Observe, further: (1) Here ἰδιῶται is put first, and ἄπιστοι follows, because the ἰδιῶται, as Christians, and therefore acquainted with the uselessness and absurdity of the glossolalia without interpretation and to the exclusion of all other (intelligible) discourse, come here into the foreground,[17] and may and will be the first to pass the judgment ὅτι μαίνεσθε; in 1 Corinthians 14:24, on the contrary, ἄπιστος stands first, because conversion is spoken of, and hence “praecipue agitur de infideli; idiota obiter additur ob rationem ejus non plane disparem” (Bengel). (2) In 1 Corinthians 14:23, since Paul designs to cite the judgment in the form of an utterance (ἐροῦσιν), which is most naturally conceived of by him as a mutual communication, the plural εἰσέλθωσι κ.τ.λ. presented itself with as much appropriateness as the singular εἰσέλθῃ κ.τ.λ. does in 1 Corinthians 14:24, where the apostle wishes to depict specially the converting work, 1 Corinthians 14:24-25, in its course, which, from the nature of the case, is done most befittingly in an individualizing representation.

[15] For in ver. 23 and ver. 16 the conception of ἰδιῶται is determined by a like context—namely, by the same contrast to those gifted with the glossolalia. This we remark in opposition to Hirzel, Ulrich, Hofmann, who assume that ver. 16 cannot regulate the explanation of ἰδιώτης in ver. 23 f.

[16] Comp. van Hengel, Gave d. talen, p. 94.

[17] ἢ ἄπιστοι is omitted in B, because it might appear unsuitable. Buttmann in the Stud. u. Krit. 1860, p. 370, believes that it has crept in from ver. 24. But in that case ἄπιστοι would have been prefixed (so only Ambrosiaster).

1 Corinthians 14:23 shows the disastrous impression which the exercise of the Tongues, carried to its full extent, must make upon men outside—a result that follows (οὖν) from the aforesaid intention of the gift (1 Corinthians 14:22): “If then the entire Church should assemble together and all should be speaking with tongues, but there should enter uninstructed persons or unbelievers, will they not say that you are mad!” If the Tongues are, as many Cor[2133] think, the highest manifestation of the Spirit, then to have the whole Church simultaneously so speaking would be the ne plus ultra of spiritual power; but, in fact, the Church would then resemble nothing so much as a congregation of lunatics! A reductio ad absurdum for the fanatical coveters of Tongues.—The ἰδιῶται (here unqualified: otherwise in 16; cf note) are persons unacquainted with Christianity (altogether uninitiated) and receiving their first impression of it in this way, whereas the ἄπιστοι are rejectors of the faith. The impression made upon either party will be the same. The effect here imagined is altogether diff[2134] from that of the Day of Pentecost, when the “other tongues” spoke intelligibly to those religiously susceptible amongst non-believers (Acts 2:11 ff.). The imputation of madness from men of the world P. earnestly deprecates (Acts 26:24 f.).—Ed[2135] renders ἰδιῶται “separatists”—unattached Christians; but this interpretation wants lexical support, and is out of keeping with 1 Corinthians 14:16 : did any such class of Christians then exist?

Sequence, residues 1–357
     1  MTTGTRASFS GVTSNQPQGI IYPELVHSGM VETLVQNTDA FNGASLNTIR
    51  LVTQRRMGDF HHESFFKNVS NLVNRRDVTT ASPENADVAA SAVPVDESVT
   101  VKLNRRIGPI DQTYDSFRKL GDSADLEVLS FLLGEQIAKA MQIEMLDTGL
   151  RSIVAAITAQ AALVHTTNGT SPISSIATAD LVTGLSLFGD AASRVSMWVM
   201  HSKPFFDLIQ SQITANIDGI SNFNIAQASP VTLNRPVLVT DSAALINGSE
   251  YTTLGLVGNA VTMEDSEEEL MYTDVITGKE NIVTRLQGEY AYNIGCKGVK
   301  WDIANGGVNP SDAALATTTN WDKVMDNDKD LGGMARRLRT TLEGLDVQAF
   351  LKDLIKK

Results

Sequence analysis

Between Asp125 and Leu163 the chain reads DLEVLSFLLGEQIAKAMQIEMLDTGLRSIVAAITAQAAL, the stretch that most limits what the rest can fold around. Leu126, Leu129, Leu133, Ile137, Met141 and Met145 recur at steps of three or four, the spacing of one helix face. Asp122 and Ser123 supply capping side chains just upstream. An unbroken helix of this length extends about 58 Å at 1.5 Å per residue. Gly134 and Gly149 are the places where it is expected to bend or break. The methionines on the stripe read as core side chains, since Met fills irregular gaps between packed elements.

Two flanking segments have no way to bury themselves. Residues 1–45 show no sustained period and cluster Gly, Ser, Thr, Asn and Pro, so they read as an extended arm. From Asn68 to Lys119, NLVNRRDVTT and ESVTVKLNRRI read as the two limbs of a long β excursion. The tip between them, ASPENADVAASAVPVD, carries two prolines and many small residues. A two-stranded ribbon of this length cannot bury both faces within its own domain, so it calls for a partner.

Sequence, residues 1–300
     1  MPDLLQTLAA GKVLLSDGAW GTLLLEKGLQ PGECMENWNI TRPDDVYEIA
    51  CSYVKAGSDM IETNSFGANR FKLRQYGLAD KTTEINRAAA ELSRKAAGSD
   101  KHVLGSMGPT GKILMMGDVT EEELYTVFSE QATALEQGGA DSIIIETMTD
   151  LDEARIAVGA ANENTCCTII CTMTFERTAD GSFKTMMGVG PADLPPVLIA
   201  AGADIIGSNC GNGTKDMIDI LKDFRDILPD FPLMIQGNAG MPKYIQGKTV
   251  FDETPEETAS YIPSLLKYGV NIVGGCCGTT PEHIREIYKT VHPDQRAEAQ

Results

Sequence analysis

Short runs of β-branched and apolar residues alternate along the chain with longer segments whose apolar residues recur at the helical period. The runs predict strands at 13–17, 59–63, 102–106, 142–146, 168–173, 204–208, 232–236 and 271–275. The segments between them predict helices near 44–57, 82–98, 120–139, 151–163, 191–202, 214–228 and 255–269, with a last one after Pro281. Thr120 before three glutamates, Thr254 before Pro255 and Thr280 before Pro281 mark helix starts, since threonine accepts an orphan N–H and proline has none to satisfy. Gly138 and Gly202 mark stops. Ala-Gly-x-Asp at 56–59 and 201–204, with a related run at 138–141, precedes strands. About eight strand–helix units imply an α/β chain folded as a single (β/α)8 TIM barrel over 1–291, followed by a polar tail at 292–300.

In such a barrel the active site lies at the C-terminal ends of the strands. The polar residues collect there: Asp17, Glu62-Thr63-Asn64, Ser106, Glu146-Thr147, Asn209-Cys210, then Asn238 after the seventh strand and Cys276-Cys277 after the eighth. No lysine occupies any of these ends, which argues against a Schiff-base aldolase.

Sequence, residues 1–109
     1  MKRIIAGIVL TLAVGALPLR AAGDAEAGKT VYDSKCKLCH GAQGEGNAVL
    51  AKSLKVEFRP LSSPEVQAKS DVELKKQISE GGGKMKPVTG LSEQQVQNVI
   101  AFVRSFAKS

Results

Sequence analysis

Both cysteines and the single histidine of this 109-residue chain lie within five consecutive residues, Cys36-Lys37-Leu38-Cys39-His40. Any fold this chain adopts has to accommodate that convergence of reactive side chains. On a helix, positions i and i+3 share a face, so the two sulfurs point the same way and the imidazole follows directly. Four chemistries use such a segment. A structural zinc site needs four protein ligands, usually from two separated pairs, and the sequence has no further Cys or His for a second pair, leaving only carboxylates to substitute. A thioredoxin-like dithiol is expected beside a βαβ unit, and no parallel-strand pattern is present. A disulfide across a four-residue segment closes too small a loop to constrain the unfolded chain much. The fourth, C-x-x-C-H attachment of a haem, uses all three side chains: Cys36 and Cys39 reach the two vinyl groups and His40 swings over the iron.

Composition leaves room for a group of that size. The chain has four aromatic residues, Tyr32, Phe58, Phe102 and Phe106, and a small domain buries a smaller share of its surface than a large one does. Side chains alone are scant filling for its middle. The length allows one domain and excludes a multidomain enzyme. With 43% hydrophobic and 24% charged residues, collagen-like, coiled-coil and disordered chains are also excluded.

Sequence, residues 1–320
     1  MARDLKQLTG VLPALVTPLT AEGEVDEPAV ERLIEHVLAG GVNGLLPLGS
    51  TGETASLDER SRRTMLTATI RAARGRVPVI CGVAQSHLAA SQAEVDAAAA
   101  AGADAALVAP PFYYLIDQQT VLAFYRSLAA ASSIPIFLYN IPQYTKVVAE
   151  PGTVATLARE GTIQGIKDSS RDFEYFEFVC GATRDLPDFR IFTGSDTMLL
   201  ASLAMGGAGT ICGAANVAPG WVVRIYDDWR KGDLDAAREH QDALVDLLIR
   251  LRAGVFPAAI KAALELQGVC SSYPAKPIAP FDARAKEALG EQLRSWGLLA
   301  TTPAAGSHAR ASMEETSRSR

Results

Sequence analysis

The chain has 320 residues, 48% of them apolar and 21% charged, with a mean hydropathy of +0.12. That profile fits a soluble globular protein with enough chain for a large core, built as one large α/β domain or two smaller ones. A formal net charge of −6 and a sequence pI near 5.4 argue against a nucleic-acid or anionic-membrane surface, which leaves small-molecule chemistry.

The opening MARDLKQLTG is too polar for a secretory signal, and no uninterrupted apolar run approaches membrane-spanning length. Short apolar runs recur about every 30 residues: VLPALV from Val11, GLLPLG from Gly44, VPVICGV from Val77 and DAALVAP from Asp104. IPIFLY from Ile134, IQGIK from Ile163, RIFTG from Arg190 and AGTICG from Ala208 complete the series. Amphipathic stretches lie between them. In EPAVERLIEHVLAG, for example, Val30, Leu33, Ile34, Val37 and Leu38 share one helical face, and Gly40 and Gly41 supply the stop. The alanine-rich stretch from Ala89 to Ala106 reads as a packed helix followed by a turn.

[2133] Corinth, Corinthian or Corinthians.

[2134] difference, different, differently.

[2135] T. C. Edwards’ Commentary on the First Ep. to the Corinthians.2

23. If therefore the whole church be come together into one place] ἐπὶ τὸ αὐτό. The usual word for the place of assembly, as in ch. 1 Corinthians 11:20; Acts 2:1. However well calculated the gift of tongues might be to arrest and compel attention when used properly, it is clear, says the Apostle, that its introduction at the public assemblies of the Church was not a proper use of it, unless (1 Corinthians 14:27) it were restricted in its use by wise rules. It not so restricted, so far from its being a sign to unbelievers, it would give them, as well as the great body of the Christian laity, occasion of complaint, and even ridicule.

all] Not necessarily all together, as some have supposed, but that no other means of communication was adopted by any but the unknown tongue. Meyer.

1 Corinthians 14:23. Ὅλη ἐπὶ τὸ αὐτὸ, the whole into one place) That was a rare, occurrence in so large a city.—εἰσέλθωσι δὲ, and there come in) as strangers or even from curiosity.—ἰδιῶται, unlearned) men who have some degree of faith, but do not abound in gifts. There follows by gradation, or unbelievers, who did not so readily come in, and yet were not debarred. In this verse Paul speaks in the plural, in the following in the singular. Many bad men, when together, prevent one another from believing by their bad conversation; individuals are more easily gained.—ὅτι μαίνεσθε, that ye are mad) For they will not be able to distinguish that earnestness from madness; hence they will speak to your prejudice; comp. Acts 2:13.

Verse 23. - All speak with tongues. He does not necessarily mean that all are speaking at once; though, amid these strange scenes of self-asserting enthusiasm, even that was not wholly impossible; but he means, "if there be nothing, going on except glossolaly." Will they not say that ye are mad? This has often been the actual impression produced by these phenomena upon those who stand aloof from the spiritual influences which cause them. On the day of Pentecost the exaltation of the disciples caused mockers to charge them with drunken exhilaration (Acts 2:13). 1 Corinthians 14:23